• Add jetty-servlets.jar file to default jetty to help users set up CORS
  • Handle non error http codes (from HttpCodeException) as normal response
  • Reducing output size of PDF with graphic fills by using tiling patterns

Bug Fixes:

  • Disk quota usage page no longer shows negative bytes free (if you already have negative values in your quota DB, follow this instructions)
  • New style editor can now detect and fix old GeoServer CSS styles (which were marked as SLD)
  • Fixes to json output for layergroup
  • Can not display table based pages in Turkish locale
  • WMS 1.3.0 GetCapabilities response doesn’t validate against the schema when using LayerGroups
  • Editing style and moving it into workspace loses the edits
  • Style Edit Page: Apply then Submit causes WicketRuntimeException
  • Force transformation of ROI and NoData to transparent/bg color in direct raster rendering path

And more! For more information on this release check the release notes ( | 2.10-RC1 | 2.10-beta | 2.10-M0 )

About GeoServer 2.10

Articles, docs, blog posts and presentations:

Community modules

  • A new community module to backup/restore and restore GeoServer configuration
  • A resource browser is available allowing remote management of styles, icons and fonts (needs building from sources).
  • A new WMTS multidimensional domain discovery community module for discovering patches of data in scattered data sets

GeoServer Code Sprint 2017

GeoSolutions has offered to host the GeoServer team for a Java 2017 code sprint to look at updating, fixing and documenting the the GeoServer REST API. The GeoServer REST API is used to remotely manage a GeoServer instance and has proven highly successful for automation, integration with other applications, with libraries for java and python remote management.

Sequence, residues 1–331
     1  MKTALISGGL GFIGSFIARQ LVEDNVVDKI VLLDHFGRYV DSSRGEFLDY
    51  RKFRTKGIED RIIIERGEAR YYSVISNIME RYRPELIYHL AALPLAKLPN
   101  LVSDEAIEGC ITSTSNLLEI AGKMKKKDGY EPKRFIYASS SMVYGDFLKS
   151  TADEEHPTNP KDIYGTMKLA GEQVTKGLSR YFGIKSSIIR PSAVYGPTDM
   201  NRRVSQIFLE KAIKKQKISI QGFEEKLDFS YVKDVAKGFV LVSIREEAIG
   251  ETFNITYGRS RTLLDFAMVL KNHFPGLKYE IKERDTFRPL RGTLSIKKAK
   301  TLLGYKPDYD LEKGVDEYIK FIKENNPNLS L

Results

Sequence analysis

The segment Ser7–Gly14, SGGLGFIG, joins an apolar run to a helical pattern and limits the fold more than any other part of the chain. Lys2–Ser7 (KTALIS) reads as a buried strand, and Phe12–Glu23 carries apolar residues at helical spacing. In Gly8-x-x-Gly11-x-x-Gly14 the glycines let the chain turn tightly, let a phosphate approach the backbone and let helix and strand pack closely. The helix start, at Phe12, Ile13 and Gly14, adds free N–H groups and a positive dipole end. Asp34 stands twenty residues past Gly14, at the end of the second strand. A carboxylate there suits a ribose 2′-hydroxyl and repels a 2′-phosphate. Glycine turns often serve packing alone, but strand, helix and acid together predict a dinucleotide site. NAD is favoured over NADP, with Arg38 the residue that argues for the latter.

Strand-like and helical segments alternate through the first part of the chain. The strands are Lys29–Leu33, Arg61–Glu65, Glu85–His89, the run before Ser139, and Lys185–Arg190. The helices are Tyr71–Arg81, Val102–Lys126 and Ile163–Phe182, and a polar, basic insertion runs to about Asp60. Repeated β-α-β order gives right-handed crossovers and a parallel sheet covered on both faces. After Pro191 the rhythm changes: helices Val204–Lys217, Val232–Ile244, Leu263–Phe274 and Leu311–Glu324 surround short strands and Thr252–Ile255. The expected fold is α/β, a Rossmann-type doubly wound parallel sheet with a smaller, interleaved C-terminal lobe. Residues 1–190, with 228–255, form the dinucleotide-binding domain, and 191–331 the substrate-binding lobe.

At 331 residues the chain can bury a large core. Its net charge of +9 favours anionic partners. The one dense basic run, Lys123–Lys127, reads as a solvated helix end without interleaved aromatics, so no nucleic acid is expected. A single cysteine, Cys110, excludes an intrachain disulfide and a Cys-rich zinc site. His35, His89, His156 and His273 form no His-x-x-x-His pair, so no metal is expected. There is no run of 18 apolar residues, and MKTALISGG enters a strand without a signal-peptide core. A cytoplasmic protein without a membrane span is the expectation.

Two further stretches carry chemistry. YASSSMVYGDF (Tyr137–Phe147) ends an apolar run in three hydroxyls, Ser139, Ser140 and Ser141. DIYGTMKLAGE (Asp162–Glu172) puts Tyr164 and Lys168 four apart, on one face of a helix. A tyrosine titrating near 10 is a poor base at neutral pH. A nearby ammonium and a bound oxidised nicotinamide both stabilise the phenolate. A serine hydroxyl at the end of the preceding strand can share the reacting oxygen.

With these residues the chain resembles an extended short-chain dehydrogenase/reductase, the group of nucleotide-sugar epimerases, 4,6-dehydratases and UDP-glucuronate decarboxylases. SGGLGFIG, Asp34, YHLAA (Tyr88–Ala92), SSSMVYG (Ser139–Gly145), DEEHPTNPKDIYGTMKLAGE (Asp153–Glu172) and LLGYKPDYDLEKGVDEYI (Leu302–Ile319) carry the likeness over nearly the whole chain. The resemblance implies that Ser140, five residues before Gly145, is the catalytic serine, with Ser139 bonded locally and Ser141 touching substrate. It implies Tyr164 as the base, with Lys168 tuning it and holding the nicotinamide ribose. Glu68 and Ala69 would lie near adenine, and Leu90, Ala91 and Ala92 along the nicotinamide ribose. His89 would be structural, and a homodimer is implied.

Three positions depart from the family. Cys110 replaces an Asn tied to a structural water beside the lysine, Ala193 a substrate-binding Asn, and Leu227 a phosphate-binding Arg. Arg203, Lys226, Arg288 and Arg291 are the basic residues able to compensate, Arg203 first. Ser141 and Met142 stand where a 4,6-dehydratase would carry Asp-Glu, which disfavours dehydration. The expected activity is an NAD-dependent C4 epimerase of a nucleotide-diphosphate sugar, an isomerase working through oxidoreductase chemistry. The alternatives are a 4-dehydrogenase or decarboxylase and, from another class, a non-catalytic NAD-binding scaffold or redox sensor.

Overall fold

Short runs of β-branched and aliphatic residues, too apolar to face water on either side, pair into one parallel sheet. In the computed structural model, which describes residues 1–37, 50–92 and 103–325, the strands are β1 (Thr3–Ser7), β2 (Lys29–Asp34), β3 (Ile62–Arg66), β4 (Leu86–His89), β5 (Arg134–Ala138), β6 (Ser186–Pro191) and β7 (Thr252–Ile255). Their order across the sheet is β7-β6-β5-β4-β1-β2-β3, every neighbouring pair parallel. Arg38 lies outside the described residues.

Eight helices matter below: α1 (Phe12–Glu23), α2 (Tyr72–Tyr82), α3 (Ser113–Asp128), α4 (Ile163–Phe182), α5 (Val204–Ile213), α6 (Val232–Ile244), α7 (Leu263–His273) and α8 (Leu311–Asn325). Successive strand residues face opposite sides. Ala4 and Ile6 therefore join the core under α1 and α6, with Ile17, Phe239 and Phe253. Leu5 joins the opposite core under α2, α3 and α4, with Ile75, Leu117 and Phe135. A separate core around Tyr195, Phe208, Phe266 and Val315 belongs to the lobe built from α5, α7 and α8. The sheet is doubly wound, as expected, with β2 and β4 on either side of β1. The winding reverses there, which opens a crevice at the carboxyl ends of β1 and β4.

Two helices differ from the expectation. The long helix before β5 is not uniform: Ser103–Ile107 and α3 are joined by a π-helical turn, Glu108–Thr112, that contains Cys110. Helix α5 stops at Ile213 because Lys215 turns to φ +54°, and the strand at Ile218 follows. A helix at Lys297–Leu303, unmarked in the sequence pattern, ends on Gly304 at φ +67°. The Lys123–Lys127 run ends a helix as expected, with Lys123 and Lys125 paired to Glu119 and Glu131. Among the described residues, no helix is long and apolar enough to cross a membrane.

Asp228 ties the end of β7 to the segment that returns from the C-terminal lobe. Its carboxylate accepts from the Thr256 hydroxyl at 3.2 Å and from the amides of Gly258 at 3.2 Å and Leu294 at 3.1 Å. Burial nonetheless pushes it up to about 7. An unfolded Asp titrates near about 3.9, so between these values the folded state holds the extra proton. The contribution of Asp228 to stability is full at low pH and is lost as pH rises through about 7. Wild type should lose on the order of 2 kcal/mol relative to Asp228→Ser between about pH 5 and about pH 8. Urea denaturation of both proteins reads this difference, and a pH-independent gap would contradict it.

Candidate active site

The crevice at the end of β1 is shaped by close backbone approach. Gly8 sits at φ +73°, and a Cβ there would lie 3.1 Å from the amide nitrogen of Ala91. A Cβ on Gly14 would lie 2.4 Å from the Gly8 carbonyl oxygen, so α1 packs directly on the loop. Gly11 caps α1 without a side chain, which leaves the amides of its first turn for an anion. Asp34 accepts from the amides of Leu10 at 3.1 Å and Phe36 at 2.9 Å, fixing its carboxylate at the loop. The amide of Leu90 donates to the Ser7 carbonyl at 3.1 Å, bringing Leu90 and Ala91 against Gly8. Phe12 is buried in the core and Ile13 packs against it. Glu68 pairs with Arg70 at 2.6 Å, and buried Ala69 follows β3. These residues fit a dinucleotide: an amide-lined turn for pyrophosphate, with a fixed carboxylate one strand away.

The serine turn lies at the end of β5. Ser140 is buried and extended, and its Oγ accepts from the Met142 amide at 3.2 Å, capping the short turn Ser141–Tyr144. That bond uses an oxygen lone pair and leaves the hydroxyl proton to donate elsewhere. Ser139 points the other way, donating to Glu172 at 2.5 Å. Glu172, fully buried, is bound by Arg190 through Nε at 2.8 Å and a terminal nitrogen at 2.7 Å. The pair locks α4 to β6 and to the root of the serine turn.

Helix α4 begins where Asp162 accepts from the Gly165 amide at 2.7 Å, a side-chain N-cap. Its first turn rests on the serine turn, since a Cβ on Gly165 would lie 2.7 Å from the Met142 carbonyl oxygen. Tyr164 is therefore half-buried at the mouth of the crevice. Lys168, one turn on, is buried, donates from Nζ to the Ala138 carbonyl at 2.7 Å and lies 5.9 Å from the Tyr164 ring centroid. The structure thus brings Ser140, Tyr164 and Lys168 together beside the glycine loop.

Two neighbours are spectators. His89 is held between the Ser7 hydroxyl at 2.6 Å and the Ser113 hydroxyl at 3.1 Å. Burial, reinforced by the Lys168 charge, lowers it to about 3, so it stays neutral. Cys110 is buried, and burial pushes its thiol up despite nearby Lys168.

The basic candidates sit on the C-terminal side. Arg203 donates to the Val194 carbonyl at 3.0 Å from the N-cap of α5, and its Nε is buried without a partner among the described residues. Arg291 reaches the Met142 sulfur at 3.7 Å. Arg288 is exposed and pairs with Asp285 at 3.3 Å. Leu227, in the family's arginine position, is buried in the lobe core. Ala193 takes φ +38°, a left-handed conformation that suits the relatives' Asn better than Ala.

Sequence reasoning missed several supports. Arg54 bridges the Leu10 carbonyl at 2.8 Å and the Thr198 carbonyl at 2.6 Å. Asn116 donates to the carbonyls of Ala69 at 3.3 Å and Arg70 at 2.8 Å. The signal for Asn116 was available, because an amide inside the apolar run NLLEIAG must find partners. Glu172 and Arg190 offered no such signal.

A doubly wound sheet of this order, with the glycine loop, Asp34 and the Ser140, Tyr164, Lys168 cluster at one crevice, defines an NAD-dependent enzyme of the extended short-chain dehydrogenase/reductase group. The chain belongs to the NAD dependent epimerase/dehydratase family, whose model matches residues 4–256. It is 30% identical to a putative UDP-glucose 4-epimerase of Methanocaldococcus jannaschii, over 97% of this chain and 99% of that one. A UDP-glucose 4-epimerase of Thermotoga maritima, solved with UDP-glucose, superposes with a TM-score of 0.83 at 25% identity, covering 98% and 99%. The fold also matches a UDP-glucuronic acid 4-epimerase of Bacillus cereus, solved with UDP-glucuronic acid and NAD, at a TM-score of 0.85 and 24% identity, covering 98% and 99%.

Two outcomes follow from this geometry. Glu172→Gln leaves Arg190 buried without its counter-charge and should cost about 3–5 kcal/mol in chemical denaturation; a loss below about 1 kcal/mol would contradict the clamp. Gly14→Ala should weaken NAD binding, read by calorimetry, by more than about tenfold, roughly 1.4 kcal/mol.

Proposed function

The code sprint is dedicated to:

  • Migrating from the restlet library to Spring MVC library. As an early adopter GeoServer selected the restlet library as best of breed at the time. It has not aged well, and Spring MVC represents a supported annotation based solution that is familiar to more developers.
  • Although popular the REST API has not attracted a lot of investment, leading it to have the highest bug count of any of our GeoServer modules! This sprint would like to directly reduce this bug count, and indirectly reduce this bug count by introducing more developers to this area of the codebase.
  • The REST API also has the greatest number of requests for documentation and examples. This code sprint will update the documentation for each area of the REST API as as it is migrated, and look at some of the solutions for the automated collection of examples requests.
  • We will be sure to test against the gsconfig python library and geoserver-manager java library.

The GeoServer team has previously planned and executed a highly successful code sprint. We would like to once again ask for your support and participation in 2017.

Viareggio, Lucca

The code sprint is planned for a week in March in the glamorous GeoSolutions headquarters of Viareggio, Lucca. Thanks to GeoSolutions for providing a venue, space is limited to 10-15 people so hit the wiki to sign up if you are interested.


A note on the timing: We were unable to join the Daytona Code Sprint 2017 as it is scheduled too close to the GeoServer 2.11 code freeze. GeoSolution’s offer to host in Europe will reduce travel costs allowing us to run the event with minimal sponsorship.

Participation and Sponsorship

We have the following sponsorship levels available:

  • Gold: $1000
  • Silver: $500
  • Bronze: $250